Y contains different ways of working with array-like structures: TupleArray and ArraySlice.


TupleArray is the standard array type from other languages. Length and type of the contained elements need to be known at compile time:

// this creates an array of 10 integers, filled with all 0
let foo := [0; 10]

Symmetric to this, you can define a type for this:

let bar := (some_array: [int; 10]): void => { ... }

Accessing an element in this array works by providing an index:

// get the value at index 5 (i.e., the 6th position)
let a := some_array[5]

// the the value at index 3
some_array[3] = 42

On the other hand, ArraySlice represents an array of undefined (or unknown) size. Therefore, you can not directly define one, but you can specify it as a type for a function parameter:

let baz := (some_slice: &[int]): void => { ... }

Indexing works the same as for TupleArray.

Note: Y (at the point of writing this) does not perform any reliable bounds checks.

Indexing Strings

In Y, strings and arrays are (to some extend) convertible to one another. You can index strings the same way as arrays:

let foo := "Hello, World!"
foo[2] = 'n'
print(foo) // "Henlo, World!"
Type Conversion

Some types are convertible into other. For example, a TupleArray can be converted to an ArraySlice, but not the other way around. ArraySlice and TupleArray of type char can be converted into str (you have to ensure that the last byte is 0). And, last but not least, str can be converted to ArraySlice of type char.


You can split your code up into modules. Modules are just other files ending with .why and can be imported by their name (without the respective file ending):

import foo


Here, we import a module named foo (from a file foo.why) and call an exported function (i.e., bar) by its "full name". By default, you have to specify the full resolved name to an imported function in the form of module::function().

You can also import modules from other directories:

import some::dir::foo


If you want to directly call a function without specifying the module name, you have to import the module as a wildcard:

import foo::*


This can be useful when importing common functions from a utility module.

Imports are traversed recursively. So if you import module foo, which imports module bar, both modules are parsed, type checked and compiled. However, if you want to use module bar in your root module, you have to import it there aswell. To avoid double parsing and checking of modules, the loader keeps track of already loaded modules and just references them (if already present).

⚠️ Non-Function-Exports

Please note that all non-function-members of a module (i.e., all other variables etc.) are not exported. They are completely "erased" from the program. Therefore, your exported functions are not allowed to use any other variables other than other exported functions.

In the future, we plan to add support for exporting constants, but until then be aware of this limitation.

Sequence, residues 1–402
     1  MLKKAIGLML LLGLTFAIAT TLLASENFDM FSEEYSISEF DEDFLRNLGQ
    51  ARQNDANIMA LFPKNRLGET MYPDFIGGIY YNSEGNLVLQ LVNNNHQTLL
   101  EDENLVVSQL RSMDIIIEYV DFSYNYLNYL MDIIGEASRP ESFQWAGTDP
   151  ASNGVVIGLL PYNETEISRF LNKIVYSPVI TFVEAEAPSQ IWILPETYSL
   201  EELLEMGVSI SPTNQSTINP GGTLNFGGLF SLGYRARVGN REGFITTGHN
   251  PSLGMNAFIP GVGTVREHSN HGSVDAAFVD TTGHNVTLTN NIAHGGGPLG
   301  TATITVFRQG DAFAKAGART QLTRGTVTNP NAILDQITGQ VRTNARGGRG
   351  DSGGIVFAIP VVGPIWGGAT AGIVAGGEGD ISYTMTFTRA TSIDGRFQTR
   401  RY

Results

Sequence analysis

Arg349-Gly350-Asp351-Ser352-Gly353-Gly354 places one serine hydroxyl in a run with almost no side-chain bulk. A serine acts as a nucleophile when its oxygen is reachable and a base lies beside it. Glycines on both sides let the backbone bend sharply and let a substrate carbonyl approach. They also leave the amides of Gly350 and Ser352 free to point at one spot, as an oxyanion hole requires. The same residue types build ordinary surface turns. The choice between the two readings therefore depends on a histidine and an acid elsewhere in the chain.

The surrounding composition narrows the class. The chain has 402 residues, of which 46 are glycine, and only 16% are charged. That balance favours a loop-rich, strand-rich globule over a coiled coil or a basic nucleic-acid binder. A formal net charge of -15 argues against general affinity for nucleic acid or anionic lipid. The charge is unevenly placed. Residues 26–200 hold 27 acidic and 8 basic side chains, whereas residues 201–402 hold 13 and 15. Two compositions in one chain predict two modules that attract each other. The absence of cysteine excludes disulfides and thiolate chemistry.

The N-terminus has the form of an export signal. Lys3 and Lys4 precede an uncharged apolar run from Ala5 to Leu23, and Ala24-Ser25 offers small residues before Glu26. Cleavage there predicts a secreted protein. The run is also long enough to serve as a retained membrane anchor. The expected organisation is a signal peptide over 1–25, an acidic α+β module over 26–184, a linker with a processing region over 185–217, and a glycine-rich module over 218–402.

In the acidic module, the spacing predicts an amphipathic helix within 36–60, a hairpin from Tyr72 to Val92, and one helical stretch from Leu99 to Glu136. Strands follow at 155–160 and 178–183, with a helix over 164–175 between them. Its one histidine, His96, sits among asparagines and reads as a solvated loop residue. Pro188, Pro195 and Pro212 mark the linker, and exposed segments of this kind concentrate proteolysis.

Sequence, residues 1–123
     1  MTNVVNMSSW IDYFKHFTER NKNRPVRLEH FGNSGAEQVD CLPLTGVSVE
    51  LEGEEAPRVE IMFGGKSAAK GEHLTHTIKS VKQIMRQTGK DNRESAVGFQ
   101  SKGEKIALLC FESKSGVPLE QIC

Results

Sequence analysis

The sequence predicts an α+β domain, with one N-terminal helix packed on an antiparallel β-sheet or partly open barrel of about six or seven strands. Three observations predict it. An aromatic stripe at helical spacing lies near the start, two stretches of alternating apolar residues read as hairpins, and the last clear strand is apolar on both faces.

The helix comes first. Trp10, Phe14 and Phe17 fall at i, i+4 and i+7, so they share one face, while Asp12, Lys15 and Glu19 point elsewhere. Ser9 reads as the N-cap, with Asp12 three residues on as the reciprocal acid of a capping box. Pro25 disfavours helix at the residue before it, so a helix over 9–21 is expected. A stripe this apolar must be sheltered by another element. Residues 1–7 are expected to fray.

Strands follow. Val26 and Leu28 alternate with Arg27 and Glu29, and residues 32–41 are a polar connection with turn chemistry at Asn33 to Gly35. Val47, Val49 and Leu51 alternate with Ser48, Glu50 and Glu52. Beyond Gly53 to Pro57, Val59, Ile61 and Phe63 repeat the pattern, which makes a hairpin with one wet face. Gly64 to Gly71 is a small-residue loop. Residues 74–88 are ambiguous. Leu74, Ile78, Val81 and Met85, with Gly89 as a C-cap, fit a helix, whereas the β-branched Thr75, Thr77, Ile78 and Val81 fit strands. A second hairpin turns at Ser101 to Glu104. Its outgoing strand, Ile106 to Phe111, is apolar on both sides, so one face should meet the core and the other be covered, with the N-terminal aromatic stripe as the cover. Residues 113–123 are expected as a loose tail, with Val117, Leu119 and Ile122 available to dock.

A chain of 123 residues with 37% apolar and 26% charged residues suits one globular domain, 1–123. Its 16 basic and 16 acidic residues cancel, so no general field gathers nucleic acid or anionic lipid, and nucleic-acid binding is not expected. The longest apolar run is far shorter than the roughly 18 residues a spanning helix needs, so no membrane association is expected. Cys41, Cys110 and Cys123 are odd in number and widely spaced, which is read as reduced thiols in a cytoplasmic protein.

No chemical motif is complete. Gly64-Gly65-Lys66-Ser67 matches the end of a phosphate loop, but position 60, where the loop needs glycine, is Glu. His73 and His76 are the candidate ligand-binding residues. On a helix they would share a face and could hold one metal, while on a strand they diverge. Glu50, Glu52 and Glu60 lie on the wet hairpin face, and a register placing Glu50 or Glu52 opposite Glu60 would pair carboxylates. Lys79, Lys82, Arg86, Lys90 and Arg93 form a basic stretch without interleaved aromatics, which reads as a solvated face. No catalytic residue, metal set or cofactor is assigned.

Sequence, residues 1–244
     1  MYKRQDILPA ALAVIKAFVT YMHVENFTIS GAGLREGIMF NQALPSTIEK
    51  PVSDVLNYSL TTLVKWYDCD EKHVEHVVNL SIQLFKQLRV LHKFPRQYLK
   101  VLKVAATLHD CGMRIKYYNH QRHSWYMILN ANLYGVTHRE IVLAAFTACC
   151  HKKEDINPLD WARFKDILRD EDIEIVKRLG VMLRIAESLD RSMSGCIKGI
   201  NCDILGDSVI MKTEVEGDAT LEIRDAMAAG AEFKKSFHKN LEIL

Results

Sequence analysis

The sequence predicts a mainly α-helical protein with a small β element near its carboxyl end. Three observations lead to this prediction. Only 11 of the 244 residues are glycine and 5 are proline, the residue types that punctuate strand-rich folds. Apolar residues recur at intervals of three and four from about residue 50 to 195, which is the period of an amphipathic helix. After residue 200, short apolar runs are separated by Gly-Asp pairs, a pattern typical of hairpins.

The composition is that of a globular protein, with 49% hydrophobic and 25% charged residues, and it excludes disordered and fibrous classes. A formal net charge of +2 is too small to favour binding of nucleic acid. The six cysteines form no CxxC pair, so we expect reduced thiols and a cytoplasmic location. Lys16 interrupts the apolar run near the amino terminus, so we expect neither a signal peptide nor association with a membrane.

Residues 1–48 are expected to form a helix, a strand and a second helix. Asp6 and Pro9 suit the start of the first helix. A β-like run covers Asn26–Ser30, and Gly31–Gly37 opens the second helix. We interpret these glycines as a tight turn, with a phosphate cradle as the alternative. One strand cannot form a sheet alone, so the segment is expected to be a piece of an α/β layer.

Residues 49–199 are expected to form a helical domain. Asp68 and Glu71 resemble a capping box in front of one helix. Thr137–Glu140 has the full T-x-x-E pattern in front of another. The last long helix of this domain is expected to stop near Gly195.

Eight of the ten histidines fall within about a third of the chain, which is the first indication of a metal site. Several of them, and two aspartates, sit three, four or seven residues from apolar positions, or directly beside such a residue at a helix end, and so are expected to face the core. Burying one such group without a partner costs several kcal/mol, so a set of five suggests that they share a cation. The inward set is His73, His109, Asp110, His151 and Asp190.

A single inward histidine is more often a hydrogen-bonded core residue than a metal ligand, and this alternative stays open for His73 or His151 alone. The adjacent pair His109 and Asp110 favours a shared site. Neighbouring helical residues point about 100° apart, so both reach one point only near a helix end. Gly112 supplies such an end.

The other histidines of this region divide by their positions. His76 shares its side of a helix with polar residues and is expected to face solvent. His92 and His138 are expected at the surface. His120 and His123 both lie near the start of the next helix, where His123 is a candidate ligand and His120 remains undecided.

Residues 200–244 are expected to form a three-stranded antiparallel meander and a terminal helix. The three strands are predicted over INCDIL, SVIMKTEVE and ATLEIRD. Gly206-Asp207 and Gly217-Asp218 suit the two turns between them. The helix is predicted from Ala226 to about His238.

If you want to declare a function (or a variable) which is already pre-defined (or comes from another source), you can do so via the declare keyword. A declaration consists of the name of the variable to declare and a corresponding type annotation. E.g.:

declare print : (str) -> void


Currently, Y provides a single builtin function: syscall_4 (for calling syscalls with 4 arguments). To use it, you have to declare it somewhere in your program:

declare syscall_4 : (int, any, any, any) -> any

Note: The first parameter is the identifier for this syscall.

If you want to have an overview of currentl available syscall abstractions, have a look at std.why in the examples folder.

Compiler Directives

Y support (more or less) conditional compilation depending on the current operating system. To declare something is "OS"-dependant, you have to annotate it accordingly:

#[os == "linux"]
let value := "We are on linux"

#[os == "macos"]
let value := "We are on macOS"


To turn a Y program into an executable (or interpret it), the compiler takes several steps.


As a first step, the parser tries to generate a more or less meaningfull AST from the given source code. While the parser relies on the grammar defined by y-lang.pest, the generated AST is a little more specific on the structure.

Type Checker

In order to provide the security of strong types, the type checker checks the types of all expressions, variables and assignments. Furthermore, it checks if variables are defined in the currently available scope and if they are mutable (of needed).

Interpreter & Compiler

As a last step, the generated AST either gets interpreted or compiled to assembly. This generated assembly get then compiled to an object file using NASM and then linked via cc.


At the time of writing this, we do not provide binaries for Y. If you want to use or experiment with y, you can compile the toolchain yourself. For that you need rust and cargo installed on your system. If you want to actually compile a program, you also need NASM installed. This crate provides a binary called why.

You can use why to typecheck, interpret and compile your program:

why path/to/program.why # typechecking

why path/to/program.why -r # typecheck & run/interpret

why path/to/program.why -o path/to/output # typecheck and compile

Operating Systems

Y is actively developed under macOS. I tested Linux to some point (and CI should test aswell), but I can not guarantee full compatibility.


The code is the reincarnation of the mighty spaghetti monster. I had no real time to refactor anything or even write useful tests.

Even though I currently have no guide for contributing, feel free to open issues with feature requests. Be warned that I will probably not accept any PRs until I defined some guidelines for contributing or code/assembly style.


~128K SLoC